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The chosen son?
( 2003-09-22 16:37) (Telegraph.co.uk)

Rupert Murdoch is putting his son James in charge of BSkyB. Is he now the heir apparent to the News Corp empire?

News Corp. chief executive Rupert Murdoch.  [AP]
On Friday afternoon, James Murdoch was at StarTV's Hong Kong office with a team of executives reviewing a new off-air advertising campaign for the pan-Asian broadcaster. Steve Askew, Star's head of programming, who was also there, had three ideas about how to improve the campaign that he began to write down on a pad. But even before he could finish jotting them down, Murdoch had already made the same recommendations verbally to the group.

It was, to Askew, a typical illustration that Murdoch is a media executive who "gets it". One would certainly hope so, given that Murdoch is Star's chairman and CEO. But there is a rub, and that is James's surname and the fact that his father is Rupert, whose News Corporation owns StarTV - which might lead some to presume he is another in a long line of mogul's sons who inherited their powerful jobs but not their parents' talents. But James Murdoch likes to say: "My credentials are in our results".

So let's look at StarTV. When James moved from New York to Hong Kong to take its helm in 1999, the company was bleeding an estimated $100m (63m) a year. Today, according to the independent media analyst Richard Greenfield at Fulcrum Partners in New York, it is turning a small profit and poised for growth thanks to new channels and distribution deals that Murdoch has spearheaded in India, China and Taiwan.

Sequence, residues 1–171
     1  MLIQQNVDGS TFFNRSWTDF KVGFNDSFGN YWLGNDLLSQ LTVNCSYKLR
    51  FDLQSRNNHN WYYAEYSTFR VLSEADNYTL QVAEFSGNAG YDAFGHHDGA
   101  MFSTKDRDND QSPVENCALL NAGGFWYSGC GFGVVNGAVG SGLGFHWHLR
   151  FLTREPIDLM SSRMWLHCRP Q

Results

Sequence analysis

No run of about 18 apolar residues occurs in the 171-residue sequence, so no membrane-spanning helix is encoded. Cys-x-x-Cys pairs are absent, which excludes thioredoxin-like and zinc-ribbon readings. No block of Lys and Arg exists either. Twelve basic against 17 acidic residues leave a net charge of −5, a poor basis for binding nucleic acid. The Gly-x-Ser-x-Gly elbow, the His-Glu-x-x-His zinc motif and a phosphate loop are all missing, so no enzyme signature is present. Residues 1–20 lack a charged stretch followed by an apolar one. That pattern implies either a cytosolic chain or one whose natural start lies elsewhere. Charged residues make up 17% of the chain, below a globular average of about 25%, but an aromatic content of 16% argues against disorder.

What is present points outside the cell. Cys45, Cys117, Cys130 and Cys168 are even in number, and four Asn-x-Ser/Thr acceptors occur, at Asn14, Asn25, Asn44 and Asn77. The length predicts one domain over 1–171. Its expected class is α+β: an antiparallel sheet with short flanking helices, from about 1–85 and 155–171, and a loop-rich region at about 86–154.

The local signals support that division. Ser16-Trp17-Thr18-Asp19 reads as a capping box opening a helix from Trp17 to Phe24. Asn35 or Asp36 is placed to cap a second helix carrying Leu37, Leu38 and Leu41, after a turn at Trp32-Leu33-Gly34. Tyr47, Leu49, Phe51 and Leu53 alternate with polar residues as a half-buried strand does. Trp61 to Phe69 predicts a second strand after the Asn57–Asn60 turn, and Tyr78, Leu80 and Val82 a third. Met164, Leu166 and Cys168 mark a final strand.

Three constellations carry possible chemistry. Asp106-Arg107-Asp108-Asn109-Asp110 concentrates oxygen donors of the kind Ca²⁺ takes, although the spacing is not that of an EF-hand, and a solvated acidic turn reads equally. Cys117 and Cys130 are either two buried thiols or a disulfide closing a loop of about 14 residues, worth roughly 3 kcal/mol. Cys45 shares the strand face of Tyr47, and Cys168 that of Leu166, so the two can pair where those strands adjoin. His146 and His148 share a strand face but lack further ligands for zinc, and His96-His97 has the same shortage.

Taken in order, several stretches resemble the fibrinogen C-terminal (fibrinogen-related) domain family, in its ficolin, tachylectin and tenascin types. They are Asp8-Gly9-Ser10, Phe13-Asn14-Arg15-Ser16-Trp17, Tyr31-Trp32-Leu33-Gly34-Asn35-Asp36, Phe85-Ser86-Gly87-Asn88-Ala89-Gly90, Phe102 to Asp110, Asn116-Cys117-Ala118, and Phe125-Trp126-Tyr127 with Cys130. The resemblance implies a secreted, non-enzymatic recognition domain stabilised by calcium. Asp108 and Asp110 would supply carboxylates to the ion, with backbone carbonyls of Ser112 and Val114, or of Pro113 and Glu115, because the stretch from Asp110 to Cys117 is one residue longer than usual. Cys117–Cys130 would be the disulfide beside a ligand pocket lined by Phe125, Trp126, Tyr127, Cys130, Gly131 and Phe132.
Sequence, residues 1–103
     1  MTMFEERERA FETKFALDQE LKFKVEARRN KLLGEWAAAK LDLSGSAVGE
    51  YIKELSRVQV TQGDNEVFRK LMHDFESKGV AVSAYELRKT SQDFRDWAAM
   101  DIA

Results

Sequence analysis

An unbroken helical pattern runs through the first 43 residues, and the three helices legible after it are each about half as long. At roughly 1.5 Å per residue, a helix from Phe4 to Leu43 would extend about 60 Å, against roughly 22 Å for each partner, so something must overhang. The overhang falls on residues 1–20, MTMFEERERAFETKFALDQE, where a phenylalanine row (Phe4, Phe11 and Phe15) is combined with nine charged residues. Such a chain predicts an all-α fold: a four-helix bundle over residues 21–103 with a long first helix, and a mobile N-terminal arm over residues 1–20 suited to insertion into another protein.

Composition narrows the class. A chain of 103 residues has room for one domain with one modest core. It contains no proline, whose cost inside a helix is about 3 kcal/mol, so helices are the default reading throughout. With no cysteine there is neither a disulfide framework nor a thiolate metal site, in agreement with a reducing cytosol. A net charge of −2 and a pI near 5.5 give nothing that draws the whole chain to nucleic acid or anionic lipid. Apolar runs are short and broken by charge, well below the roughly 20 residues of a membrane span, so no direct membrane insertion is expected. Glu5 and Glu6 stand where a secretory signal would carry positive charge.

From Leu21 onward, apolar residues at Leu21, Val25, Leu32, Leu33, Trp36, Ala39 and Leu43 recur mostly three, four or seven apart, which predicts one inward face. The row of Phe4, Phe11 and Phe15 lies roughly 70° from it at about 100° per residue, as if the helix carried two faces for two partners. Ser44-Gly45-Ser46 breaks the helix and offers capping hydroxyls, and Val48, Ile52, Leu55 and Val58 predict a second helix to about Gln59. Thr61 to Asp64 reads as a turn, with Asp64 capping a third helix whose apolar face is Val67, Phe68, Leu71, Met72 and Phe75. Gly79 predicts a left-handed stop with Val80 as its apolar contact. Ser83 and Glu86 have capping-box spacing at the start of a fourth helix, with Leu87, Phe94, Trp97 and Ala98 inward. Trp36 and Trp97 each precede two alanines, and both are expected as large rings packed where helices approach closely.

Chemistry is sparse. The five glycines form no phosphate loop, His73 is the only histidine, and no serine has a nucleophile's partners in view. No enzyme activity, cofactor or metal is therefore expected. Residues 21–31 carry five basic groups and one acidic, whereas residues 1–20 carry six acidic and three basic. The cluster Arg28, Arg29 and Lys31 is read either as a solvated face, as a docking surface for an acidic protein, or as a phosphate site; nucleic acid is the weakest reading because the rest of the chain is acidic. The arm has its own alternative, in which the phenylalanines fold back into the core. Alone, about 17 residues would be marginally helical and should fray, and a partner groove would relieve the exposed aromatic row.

"Instinct cannot be learned," says Askew, "and James does instinctively get it."

Yet questions about Murdoch's credentials keep being asked. That's because at just 30 years of age, he is expected within weeks to be named chief executive of BSkyB - a far bigger operation than Star - replacing the well-regarded Tony Ball, who is stepping down.

Even with the successes he's wrought at StarTV, running BSkyB is an astonishingly big step up because of its sheer size and the fact it is a public company in which News Corp has a stake of just 35 per cent.

In addition to obvious concerns about whether he will continue the strategies Ball set in motion at BSkyB, Murdoch's promotion fuels the endless wagering over whether he or his elder brother, Lachlan, currently News Corp's deputy chief operating officer, is in line to be the inheritor of Rupert's empire. Its colonies include the Times and Sun newspapers, Fox television's networks and movie studio, and the DirecTV US satellite service.

Few Londoners have seen much of low-key James, who was raised and schooled in the US, married a marketing executive, Kathryn Hufschmid, two years ago and now has a baby daughter. That is not expected to change much in the future, as he has never been one for the fashionable party scene. Like his father, whom he calls "Pop" and with whom converses on the telephone almost daily, James is obsessed with business.

He made a rare appearance in the Square Mile in May, making a lunchtime presentation to fund managers about Star's prospects. "As a holder of BSkyB, I would prefer not to have a Murdoch as chairman and chief executive [Rupert Murdoch is chairman of BSkyB]," says William Barlow, an investment manager at DNB Asset Management, who attended the lunch. "But I was impressed by his very strong grasp of Star. To a certain extent I wouldn't have known that he is the son of the father because he is so understated and down to earth. There is no suggestion that there is a daddy's boy behind it."

James Murdoch declined to be interviewed, but he is witty, sarcastic, quietly ambitious and surprisingly erudite. He possesses an encyclopaedic knowledge of both high-brow and low-brow matters, the kind of person who is equally at home discussing Marshall McLuhan and Marshall Mathers (Eminem to the uninitiated). Friends who have kept up with him the past couple of years say he has upgraded his Buddy Holly glasses and tousled hair and has a generally sleeker look about him, having spent his time in Hong Kong attaining a black belt in karate (and even recently entering a martial arts competition).